This event is part of PEN International’s Make Space Campaign, founded in 2017, which aims to create opportunities for displaced and refugee writers. Through events like this, the program has taken important steps in countering xenophobia and hate, and centering the voices of writers who have been forcibly displaced or are currently living in exile into global migration debates. PEN’s campaign was launched in 2017 with the support of 300+ writers, and it aims to create opportunities for journalists and writers who’ve experienced forced displacement or are living in exile through events, advocacy, digital action, and community organizing.  

The joint event featured a panel of PEN and ICORN writers and activists including Asieh Amini, Abduljabbar Alushili, Dr. Regula Venske, Helge Lunde, Juan Diego Catalano, and Sarah Clarke to discuss the relationship between migration and public perception, legal pathways, and writing. The goals of the campaign—and the event—parallel those of ICOA. Writers, who put so much at risk, deserve adequate legal protection and audience willing to act.

Jamal Khashoggi stands for many more silenced journalists

Jamal Khashoggi: The name of this Saudi journalist, who wrote for the Washington Post and had been residing in the US, has headlined the news this month after he disappeared into the Saudi Consulate in Istanbul, Turkey. Political circumstances have brought his death, confirmed by Turkish authorities this week, to international attention.

It is a tragedy whenever a writer loses his life in connection to the things that he or she writes; as America’s attention is riveted on the death of this one writer, we remember that hundreds of journalists, creative writers, cartoonists, and other artists are threatened, harmed, or imprisoned each year. The number is growing, and many suffer or even die in obscurity.

So far, 43 journalists have been killed in 2018, according to the Committee to Protect Journalists; 262 were jailed in 2017. PEN International reports that 217 writers (including journalists, poets, songwriters, playwrights, bloggers, and publishers) were killed, disappeared, or detained in 2017.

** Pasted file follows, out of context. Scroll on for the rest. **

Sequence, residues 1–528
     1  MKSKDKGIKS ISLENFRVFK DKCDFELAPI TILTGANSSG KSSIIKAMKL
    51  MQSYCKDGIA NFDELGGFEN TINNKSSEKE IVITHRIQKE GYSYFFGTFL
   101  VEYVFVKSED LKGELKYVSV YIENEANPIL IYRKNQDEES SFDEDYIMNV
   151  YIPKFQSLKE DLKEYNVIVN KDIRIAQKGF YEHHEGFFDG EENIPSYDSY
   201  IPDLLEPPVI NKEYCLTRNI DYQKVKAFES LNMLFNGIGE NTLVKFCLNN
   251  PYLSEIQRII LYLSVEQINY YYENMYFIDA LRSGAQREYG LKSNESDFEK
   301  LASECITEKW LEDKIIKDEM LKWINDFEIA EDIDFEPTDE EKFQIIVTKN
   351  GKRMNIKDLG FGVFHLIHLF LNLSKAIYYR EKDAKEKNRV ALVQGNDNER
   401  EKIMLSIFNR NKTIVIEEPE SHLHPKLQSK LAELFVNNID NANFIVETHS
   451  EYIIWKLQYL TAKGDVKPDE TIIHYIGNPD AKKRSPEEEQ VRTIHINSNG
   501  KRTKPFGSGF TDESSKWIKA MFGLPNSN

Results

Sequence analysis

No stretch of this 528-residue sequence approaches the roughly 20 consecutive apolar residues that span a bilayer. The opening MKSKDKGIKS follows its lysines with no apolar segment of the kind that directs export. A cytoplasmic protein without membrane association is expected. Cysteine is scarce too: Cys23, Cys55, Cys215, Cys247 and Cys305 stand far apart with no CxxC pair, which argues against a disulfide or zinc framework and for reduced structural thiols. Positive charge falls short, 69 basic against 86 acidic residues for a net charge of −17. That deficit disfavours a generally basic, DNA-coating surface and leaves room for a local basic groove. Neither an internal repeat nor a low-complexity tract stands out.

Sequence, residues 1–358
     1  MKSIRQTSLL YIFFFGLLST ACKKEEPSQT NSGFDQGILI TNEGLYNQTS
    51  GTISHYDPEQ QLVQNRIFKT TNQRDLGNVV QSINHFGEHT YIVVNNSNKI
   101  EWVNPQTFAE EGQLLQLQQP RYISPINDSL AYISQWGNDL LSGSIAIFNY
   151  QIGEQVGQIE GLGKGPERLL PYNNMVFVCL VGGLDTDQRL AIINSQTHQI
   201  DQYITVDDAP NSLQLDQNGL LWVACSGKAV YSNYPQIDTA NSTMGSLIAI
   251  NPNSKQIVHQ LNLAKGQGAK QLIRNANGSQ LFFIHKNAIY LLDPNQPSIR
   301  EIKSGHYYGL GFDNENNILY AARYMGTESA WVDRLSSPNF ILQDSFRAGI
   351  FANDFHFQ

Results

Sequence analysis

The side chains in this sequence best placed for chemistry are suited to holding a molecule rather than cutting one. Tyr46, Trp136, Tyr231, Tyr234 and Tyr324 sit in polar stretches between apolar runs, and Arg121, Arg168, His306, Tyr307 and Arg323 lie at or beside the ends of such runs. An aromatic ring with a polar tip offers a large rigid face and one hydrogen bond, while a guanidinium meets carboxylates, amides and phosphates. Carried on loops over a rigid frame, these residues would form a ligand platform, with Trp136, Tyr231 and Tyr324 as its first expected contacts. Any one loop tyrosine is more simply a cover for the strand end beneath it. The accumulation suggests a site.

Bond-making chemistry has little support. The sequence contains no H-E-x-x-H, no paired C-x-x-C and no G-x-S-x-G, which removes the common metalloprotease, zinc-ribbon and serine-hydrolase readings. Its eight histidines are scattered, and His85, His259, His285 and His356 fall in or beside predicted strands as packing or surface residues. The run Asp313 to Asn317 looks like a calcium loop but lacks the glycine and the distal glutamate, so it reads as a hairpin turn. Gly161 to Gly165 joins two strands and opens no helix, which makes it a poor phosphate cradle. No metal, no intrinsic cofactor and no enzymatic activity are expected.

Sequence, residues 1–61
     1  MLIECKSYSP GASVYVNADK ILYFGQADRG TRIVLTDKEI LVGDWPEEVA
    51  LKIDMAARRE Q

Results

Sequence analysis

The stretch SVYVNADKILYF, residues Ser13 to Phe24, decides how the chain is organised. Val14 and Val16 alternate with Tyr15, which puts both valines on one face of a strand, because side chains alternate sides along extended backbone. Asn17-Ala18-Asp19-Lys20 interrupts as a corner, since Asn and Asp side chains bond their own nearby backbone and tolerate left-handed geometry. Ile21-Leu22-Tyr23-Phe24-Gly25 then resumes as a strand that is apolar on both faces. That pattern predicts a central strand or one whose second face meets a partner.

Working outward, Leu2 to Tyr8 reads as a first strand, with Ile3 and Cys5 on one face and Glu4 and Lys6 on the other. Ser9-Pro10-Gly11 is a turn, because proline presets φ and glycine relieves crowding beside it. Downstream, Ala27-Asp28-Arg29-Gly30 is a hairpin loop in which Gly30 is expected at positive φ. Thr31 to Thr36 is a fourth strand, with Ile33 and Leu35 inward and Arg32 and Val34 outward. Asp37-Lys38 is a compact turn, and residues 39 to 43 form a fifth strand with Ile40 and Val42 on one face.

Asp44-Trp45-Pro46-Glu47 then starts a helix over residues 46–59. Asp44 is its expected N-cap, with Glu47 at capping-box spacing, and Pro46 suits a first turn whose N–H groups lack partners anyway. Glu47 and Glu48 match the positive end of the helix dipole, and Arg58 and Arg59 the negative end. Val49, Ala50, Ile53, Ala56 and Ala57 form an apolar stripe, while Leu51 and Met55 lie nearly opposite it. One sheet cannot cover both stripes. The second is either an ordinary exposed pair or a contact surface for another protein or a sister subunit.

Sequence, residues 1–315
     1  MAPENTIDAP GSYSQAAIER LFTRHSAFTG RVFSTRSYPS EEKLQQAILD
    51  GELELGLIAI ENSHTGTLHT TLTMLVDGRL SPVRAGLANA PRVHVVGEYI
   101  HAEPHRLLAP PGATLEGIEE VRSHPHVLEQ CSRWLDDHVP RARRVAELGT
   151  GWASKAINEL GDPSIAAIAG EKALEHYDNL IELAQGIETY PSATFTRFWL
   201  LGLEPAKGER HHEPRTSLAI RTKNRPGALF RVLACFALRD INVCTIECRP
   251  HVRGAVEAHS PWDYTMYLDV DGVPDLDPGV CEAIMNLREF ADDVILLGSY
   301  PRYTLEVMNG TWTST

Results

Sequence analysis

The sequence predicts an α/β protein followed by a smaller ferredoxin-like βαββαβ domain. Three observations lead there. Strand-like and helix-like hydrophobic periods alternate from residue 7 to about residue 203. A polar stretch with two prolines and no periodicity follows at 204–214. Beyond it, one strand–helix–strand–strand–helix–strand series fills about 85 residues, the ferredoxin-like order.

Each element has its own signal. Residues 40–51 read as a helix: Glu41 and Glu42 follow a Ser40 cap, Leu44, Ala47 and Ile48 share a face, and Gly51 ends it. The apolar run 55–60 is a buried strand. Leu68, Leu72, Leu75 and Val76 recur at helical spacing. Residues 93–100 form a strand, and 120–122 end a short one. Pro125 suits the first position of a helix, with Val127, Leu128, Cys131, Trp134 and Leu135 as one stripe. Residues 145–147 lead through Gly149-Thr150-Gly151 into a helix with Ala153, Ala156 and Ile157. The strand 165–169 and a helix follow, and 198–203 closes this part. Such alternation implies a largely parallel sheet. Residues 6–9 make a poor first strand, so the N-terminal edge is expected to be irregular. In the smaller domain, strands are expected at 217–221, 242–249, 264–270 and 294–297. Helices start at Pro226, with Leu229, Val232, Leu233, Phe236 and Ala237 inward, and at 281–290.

Ithaca City of Asylum and the network of like-minded cities of which we are a part, the International Cities of Refuge Network (ICORN) identifies writers who face threats because of their work, helps them reach safety, protects them as they continue to write, and advocates for a world in which this basic human right—freedom of expression—is upheld.

Poignantly, Khashoggi’s last column in the Washington Post proclaimed that what Arab countries need now is free expression. Published on October 17, after his disappearance, the essay is a powerful statement of the need for a free press and unfettered artists, and against regimes that silence both individual voices and opposing parties through force.

“The Arab world is facing its own version of an Iron Curtain, imposed not by external actors but through domestic forces vying for power,” he wrote in the piece. “During the Cold War, Radio Free Europe, which grew over the years into a critical institution, played an important role in fostering and sustaining the hope of freedom. Arabs need something similar.”

Ithaca City of Asylum and the network of like-minded cities of which we are a part, the International Cities of Refuge Network (ICORN) identifies writers who face threats because of their work, helps them reach safety, protects them as they continue to write, and advocates for a world in which this basic human right—freedom of expression—is upheld.

The Washington Post, the column points out, translates his articles about democracy in the United States and other western countries and publishes them in Arabic, giving people in Saudi Arabia, Egypt, Yemen, and other Arab countries living under authoritarian regimes access to the western world.

Tragically, this is the last column Jamal Khashoggi published in any language. In a note published with the column, Karen Attiah, the Washington Post’s Global Opinions editor wrote: “This column perfectly captures his commitment and passion for freedom in the Arab world. A freedom he apparently gave his life for.”